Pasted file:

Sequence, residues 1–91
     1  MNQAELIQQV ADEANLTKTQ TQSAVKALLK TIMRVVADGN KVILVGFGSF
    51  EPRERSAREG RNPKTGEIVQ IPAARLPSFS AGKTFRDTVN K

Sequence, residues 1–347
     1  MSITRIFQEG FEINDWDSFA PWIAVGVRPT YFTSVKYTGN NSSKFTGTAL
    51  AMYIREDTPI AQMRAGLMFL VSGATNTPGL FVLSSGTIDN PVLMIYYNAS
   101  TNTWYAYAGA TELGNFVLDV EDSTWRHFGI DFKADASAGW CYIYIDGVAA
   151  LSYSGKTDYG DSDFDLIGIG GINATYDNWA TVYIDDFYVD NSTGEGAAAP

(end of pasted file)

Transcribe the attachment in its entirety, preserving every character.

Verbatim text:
Sequence, residues 1–91
     1  MNQAELIQQV ADEANLTKTQ TQSAVKALLK TIMRVVADGN KVILVGFGSF
    51  EPRERSAREG RNPKTGEIVQ IPAARLPSFS AGKTFRDTVN K

Sequence, residues 1–347
     1  MSITRIFQEG FEINDWDSFA PWIAVGVRPT YFTSVKYTGN NSSKFTGTAL
    51  AMYIREDTPI AQMRAGLMFL VSGATNTPGL FVLSSGTIDN PVLMIYYNAS
   101  TNTWYAYAGA TELGNFVLDV EDSTWRHFGI DFKADASAGW CYIYIDGVAA
   151  LSYSGKTDYG DSDFDLIGIG GINATYDNWA TVYIDDFYVD NSTGEGAAAP